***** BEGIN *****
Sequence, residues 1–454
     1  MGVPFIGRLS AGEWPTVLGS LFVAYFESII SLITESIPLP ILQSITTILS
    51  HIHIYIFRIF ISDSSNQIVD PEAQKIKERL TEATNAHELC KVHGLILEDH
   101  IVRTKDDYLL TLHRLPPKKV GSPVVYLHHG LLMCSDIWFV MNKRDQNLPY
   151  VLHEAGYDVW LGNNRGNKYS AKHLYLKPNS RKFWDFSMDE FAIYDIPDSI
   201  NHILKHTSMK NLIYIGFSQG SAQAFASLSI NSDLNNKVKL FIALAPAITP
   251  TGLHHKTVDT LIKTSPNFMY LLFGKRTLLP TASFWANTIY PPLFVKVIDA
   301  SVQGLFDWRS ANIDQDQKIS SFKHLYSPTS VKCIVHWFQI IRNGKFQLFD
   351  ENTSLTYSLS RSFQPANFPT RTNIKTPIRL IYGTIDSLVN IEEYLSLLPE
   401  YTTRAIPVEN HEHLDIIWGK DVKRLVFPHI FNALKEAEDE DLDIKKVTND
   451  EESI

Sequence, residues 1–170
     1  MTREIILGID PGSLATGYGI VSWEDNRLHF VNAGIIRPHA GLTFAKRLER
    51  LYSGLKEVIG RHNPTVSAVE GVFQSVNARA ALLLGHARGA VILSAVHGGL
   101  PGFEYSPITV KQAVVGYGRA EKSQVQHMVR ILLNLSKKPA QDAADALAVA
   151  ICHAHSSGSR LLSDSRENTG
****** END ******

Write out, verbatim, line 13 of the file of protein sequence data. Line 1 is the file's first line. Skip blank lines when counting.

     1  MTREIILGID PGSLATGYGI VSWEDNRLHF VNAGIIRPHA GLTFAKRLER